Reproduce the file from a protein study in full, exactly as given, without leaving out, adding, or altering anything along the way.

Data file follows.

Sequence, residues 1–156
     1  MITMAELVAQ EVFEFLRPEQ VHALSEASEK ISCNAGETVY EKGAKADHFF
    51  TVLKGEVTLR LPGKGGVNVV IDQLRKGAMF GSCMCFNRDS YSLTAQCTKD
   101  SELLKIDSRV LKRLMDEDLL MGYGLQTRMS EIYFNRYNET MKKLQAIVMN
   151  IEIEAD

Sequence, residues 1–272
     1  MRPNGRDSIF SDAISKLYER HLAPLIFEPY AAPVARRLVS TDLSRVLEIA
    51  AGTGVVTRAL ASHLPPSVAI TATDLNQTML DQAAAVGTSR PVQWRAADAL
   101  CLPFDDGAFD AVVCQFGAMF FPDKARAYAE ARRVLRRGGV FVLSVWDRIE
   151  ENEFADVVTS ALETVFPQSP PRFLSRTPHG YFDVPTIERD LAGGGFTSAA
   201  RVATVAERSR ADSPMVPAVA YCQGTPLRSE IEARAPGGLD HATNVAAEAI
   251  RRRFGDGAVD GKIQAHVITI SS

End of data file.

Sequence, residues 1–156
     1  MITMAELVAQ EVFEFLRPEQ VHALSEASEK ISCNAGETVY EKGAKADHFF
    51  TVLKGEVTLR LPGKGGVNVV IDQLRKGAMF GSCMCFNRDS YSLTAQCTKD
   101  SELLKIDSRV LKRLMDEDLL MGYGLQTRMS EIYFNRYNET MKKLQAIVMN
   151  IEIEAD

Sequence, residues 1–272
     1  MRPNGRDSIF SDAISKLYER HLAPLIFEPY AAPVARRLVS TDLSRVLEIA
    51  AGTGVVTRAL ASHLPPSVAI TATDLNQTML DQAAAVGTSR PVQWRAADAL
   101  CLPFDDGAFD AVVCQFGAMF FPDKARAYAE ARRVLRRGGV FVLSVWDRIE
   151  ENEFADVVTS ALETVFPQSP PRFLSRTPHG YFDVPTIERD LAGGGFTSAA
   201  RVATVAERSR ADSPMVPAVA YCQGTPLRSE IEARAPGGLD HATNVAAEAI
   251  RRRFGDGAVD GKIQAHVITI SS